Thursday, December 22, 2011

Lest We Forget

Camera: Canon EOS40D with 17-85mm EF USM

Original RAW file developed and cropped with Canon Digital Photo Professional

Apps used for post processing:
1) SimplyHDR - for a HDR version of the photo.
2) ArtistaOil - for a simulated oil painting.
3) Blender - to blend the HDR version with the oil version 50/50. This added some details to the oil version which was important for the crosses in the background.
4) FilterStorm Pro - I imported the Blender result and the HDR version into FilterStorm Pro where I painted a mask to erase the grave cross and the flowers from the oil layer so that it was coming through from the HDR layer.
5) Blender - I blend the FilterStorm result with the result from step 3 again to smooth the edges of the flowers and cross.
6) Photo fx Ultra - to add a glow effect.
7) Blender - to blend the result from step 6 with the result from step 5.
8) Photo fx Ultra again - to add the Depth of Field effect. This nicely blurred the background a bit.
9) TouchRetouch HD - to remove an unwanted lantern pole from the background.
10) Camera+ - to add the nice Vintage border.
11) ArtisataOil again - to create an oil version with the a maximum of bristle depth and canvas effect. I did this because I wanted some texture in the frame.
12) FilterStorm Pro again - I imported the results from steps 10+11 into FilterStorm and painted a mask over the frame to bring the texture out.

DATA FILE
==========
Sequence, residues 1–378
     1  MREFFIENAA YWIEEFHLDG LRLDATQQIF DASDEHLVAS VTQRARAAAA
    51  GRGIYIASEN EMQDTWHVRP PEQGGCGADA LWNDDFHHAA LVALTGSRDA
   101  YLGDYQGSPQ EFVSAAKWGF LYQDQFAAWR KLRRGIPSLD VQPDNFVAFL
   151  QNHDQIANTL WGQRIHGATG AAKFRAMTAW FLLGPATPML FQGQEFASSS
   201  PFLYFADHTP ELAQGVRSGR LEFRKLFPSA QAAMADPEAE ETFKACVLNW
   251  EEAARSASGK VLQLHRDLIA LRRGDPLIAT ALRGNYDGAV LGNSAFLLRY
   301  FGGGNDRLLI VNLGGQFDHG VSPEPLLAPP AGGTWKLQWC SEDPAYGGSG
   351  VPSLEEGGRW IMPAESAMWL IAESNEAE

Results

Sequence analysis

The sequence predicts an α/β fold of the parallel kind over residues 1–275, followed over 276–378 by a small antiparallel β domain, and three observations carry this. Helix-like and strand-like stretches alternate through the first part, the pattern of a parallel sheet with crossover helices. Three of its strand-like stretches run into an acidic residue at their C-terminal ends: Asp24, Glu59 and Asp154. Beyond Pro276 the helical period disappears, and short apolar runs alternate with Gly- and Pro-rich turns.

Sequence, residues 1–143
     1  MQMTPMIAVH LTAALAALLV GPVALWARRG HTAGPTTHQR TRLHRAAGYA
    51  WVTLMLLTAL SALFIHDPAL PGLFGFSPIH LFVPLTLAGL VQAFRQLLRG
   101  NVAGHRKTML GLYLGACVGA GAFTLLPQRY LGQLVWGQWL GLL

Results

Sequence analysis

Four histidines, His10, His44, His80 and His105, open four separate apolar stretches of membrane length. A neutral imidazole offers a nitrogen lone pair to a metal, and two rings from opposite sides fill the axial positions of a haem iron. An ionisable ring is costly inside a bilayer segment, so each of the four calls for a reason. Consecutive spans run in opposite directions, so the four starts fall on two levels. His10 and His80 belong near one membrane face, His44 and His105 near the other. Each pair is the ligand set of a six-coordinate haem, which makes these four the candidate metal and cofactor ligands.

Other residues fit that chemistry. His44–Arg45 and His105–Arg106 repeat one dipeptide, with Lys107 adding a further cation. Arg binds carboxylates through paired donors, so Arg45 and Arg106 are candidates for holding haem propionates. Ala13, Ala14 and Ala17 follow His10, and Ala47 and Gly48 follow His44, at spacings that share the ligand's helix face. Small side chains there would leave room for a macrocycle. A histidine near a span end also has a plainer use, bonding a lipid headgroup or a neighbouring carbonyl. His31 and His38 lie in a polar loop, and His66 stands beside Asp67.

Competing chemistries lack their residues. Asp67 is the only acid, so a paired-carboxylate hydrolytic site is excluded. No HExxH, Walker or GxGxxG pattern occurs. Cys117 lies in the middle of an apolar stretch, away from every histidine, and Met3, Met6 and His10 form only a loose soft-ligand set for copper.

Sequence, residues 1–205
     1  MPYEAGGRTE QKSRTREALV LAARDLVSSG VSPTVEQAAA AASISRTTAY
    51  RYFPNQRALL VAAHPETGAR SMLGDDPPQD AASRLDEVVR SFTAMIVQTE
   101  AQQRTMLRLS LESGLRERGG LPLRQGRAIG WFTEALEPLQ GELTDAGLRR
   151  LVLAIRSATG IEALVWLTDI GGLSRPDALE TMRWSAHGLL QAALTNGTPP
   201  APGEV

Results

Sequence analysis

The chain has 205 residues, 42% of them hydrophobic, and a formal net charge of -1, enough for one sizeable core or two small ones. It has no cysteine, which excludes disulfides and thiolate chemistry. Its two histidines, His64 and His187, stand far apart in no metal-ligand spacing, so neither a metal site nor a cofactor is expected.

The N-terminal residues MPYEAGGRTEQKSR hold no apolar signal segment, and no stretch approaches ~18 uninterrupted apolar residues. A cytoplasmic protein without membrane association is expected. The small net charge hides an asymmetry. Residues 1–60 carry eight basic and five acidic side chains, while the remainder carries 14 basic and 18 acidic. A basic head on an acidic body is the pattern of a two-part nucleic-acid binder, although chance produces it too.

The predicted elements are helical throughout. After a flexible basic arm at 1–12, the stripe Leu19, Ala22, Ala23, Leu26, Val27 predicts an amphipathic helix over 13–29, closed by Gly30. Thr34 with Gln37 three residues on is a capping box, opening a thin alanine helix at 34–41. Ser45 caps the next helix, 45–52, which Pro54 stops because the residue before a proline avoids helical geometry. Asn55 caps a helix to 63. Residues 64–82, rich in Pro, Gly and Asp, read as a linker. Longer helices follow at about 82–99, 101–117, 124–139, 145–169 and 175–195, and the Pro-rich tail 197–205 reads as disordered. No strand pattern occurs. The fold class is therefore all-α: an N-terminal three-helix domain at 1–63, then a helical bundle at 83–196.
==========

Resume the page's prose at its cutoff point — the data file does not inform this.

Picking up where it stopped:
13) TouchRetouch - to touch up the inner border of the frame a bit.
14) Crop 'n Frame - to cut the very large frame to smaller size again. I usually prefer the neat little tool Crop Suey for this but it apparently has some problems with large files because it used to crash.
15) A+Signature - for the copyright watermark.

It was on May 4, 2008, as I visited the US Military Cemetery Meuse-Argonne in Romagne in France together with two friends of mine. It's the largest US Military Cemetery in France, if not in Europe, where more than 14,000 men found their final rest. One of them is Sergeant Bernard L. Pohlpeter (photo) who fought with the L Company of the 126th US Army Infantry Regiment, 32nd Division. He got killed in action in the Meuse-Argonne Offensive in October 1918, only one month before the war ended on November the 11th. I did some research about Sergeant Pohlpeter and I found a copy of his regiments history online at this page: The Old Command. His grave is at Plot F, row 12, grave 23.

Although the day of death marked on Sergeant Pohlpeter's cross is October the 12th, 1918, he is listed in his regiments casualties list on page 42 as having been KIA on October the 5th. Reading through the regiment's history I also found no report about combat action of his unit for October the 12th but the unit took heavy casualties in the time from October 4-5. So I now wonder what's the truth is. 

As we walked the beautifully made cemetery in awe and respect, we spoke little because nobody wanted to disturb the silence on that place where so many of those men rest who fought for our freedom. So many graves... so many names... so many individual destinies... It really fills on'e heart with sadness to see so many white crosses on such huge fields.

1 comment:

  1. Gaston, fantastic photo and great job researching to put a story with the pic. I never realized so many Americans were buried over there (14,000, geez!)